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Bill Thayer

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Collecting all the individual amphitheatra entries on pp5‑11 of

Samuel Ball Platner (as completed and revised by Thomas Ashby):
A Topographical Dictionary of Ancient Rome,
London: Oxford University Press, 1929.

 p5  Amphitheatrum: a form of building that originated, apparently, in Campania, but was developed in Rome after the end of the republic. It was widely diffused throughout Italy, and has always been regarded as a distinctly Roman structure. It was intended primarily for gladiatorial contests and venationes, which had previously taken place in the forum. Around the open area of the forum temporary seats had been erected, forming an irregular ellipse. This was the reason for the shape of the amphitheatre, and for the name itself which means 'having seats on all sides.' This word, however, does not occur before the Augustan era, and was at first applied to the circus also (Dion. Hal. IV.44); in the inscription on the building at Pompeii (the earliest extant example) we find spectacula used (SJ 128).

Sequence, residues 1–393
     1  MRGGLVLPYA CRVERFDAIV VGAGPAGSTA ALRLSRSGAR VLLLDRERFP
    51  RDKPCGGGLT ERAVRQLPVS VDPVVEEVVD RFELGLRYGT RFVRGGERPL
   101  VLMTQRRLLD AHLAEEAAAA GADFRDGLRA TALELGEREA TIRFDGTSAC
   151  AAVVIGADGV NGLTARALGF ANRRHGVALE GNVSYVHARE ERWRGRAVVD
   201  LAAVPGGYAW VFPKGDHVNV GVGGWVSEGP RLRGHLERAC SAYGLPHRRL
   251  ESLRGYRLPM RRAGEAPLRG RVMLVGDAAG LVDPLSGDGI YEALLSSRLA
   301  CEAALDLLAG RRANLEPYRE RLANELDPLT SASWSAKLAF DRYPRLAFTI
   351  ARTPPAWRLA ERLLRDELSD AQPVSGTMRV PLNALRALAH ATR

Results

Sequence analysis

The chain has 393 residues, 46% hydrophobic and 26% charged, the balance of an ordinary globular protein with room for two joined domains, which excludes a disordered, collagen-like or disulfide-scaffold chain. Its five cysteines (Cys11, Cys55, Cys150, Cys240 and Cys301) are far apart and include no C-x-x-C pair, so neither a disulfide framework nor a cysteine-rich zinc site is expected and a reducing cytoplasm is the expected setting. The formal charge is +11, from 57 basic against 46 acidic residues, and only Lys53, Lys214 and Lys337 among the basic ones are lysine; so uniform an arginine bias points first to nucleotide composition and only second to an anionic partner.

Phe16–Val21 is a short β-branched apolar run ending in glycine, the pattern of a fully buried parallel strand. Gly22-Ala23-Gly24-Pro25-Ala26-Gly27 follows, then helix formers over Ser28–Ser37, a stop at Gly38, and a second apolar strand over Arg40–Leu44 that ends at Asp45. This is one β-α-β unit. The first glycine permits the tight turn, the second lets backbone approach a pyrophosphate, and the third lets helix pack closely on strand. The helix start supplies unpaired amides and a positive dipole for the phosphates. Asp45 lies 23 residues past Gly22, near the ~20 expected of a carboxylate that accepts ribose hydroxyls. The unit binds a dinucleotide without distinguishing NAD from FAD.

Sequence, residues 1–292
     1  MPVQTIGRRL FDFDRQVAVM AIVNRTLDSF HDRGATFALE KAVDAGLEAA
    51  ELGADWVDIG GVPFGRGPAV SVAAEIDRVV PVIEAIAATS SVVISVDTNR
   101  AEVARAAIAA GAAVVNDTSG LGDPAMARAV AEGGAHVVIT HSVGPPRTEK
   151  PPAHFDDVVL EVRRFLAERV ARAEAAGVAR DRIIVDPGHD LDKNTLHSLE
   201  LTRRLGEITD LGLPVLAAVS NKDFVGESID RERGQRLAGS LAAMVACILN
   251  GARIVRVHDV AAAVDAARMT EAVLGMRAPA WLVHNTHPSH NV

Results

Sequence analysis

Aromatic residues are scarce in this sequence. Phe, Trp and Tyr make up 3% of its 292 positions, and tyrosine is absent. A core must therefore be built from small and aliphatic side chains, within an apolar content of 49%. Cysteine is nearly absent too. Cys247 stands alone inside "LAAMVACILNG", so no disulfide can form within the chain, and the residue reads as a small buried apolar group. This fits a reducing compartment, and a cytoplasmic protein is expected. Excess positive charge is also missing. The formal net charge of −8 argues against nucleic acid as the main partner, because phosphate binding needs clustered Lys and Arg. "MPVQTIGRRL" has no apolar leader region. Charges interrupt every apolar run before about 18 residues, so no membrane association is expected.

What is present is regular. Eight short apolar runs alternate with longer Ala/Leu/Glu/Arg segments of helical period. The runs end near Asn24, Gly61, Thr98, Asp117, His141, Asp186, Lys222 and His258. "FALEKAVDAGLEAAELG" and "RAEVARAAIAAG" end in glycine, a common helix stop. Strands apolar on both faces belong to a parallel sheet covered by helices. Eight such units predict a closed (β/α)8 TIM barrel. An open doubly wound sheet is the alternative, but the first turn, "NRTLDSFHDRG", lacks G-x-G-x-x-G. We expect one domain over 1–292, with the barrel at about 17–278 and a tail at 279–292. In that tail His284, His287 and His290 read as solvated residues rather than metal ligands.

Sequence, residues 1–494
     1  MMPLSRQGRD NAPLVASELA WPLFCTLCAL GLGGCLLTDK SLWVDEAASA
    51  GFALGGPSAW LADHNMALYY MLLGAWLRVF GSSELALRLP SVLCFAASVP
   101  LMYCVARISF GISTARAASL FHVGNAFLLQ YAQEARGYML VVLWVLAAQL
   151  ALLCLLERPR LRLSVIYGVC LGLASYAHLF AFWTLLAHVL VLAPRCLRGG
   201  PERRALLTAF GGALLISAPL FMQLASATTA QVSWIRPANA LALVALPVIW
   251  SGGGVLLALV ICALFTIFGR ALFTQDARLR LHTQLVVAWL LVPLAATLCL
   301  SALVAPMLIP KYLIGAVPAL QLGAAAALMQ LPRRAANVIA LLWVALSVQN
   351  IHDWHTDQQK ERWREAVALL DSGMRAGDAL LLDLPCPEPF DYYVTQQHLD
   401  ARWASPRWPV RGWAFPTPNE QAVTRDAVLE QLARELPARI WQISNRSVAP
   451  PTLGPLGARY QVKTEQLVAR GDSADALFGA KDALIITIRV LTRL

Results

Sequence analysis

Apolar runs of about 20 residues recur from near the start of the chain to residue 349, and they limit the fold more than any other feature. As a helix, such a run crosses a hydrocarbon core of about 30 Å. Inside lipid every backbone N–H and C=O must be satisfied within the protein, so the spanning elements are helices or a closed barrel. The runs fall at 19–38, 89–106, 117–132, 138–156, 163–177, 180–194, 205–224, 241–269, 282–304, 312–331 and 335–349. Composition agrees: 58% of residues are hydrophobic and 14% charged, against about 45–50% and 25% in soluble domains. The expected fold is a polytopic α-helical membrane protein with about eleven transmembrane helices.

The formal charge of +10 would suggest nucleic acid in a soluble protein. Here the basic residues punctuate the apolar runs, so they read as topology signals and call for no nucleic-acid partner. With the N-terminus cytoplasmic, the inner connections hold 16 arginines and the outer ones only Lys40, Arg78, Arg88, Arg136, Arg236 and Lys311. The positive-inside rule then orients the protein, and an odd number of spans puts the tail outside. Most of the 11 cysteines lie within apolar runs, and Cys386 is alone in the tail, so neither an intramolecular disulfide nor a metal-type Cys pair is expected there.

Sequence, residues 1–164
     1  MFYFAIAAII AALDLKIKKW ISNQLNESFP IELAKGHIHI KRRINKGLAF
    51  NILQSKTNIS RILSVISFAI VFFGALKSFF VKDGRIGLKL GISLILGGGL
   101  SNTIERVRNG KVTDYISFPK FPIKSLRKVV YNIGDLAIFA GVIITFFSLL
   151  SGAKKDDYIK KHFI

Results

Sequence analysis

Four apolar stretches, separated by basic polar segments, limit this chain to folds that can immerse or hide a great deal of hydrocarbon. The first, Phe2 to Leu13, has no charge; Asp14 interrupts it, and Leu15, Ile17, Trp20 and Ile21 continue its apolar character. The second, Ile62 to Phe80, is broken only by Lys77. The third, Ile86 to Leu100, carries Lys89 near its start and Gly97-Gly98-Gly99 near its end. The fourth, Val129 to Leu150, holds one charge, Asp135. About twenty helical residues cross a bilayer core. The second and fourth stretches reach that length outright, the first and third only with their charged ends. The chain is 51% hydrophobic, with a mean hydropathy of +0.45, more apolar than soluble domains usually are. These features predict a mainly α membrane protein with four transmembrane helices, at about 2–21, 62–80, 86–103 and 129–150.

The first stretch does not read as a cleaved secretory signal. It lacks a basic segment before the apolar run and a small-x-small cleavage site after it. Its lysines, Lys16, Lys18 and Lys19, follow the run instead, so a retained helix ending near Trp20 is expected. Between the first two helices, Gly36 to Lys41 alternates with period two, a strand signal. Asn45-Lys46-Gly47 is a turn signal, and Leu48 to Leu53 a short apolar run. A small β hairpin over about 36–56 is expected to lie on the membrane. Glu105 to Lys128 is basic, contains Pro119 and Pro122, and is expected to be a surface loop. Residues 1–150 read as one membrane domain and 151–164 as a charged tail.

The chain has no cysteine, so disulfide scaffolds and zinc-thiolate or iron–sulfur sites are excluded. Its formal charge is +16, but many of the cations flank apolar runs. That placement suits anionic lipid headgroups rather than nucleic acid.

The amphitheatres erected in the city of Rome itself were the following:

Amphitheatrum Caligulae: begun by Caligula near the Saepta, but left unfinished, and abandoned by Claudius (Suet. Cal. 21): see Aqua Virgo.

(pp5‑6) Amphitheatrum Castrense: see separate page.

(pp6‑11) Amphitheatrum Flavium: see separate page.

Amphitheatrum Neronis: a wooden structure, erected by Nero on the site of that of Statilius Taurus (q.v.). It was finished in a year, but is spoken of by Tacitus (Ann. XIII.31) in such a way as to imply that it was not a remarkable building (Suet. Nero 12; Plin. NH XVI.200; XIX.24; Vict. Ep. 5.3).

Amphitheatrum Statilii Tauri: an amphitheatre built of stone by L. Statilius Taurus in 29 B.C., probably in the southern part of the campus Martius (Cass. Dio LI.23; Suet. Aug. 29; Cal. 18;​1 Tac. Ann. III.72; Strabo, V.3.8, p236; CIL VI.6226‑6228). It was burned in 64 A.D. (Cass. Dio LXII.18), and Nero built another (q.v.) on the same site (HJ 496; cf 595, HCh 197 for the church of S. Angeli de domo Egidii a Poco, not de Rota, as Lanciani (Forma 14) and Armellini2 363 believed).

The Authors' Note:

1 Caligula is said to have looked upon it with scorn (Cass. Dio LIX.10), perhaps on account of its small size.

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Page updated: 22 Mar 09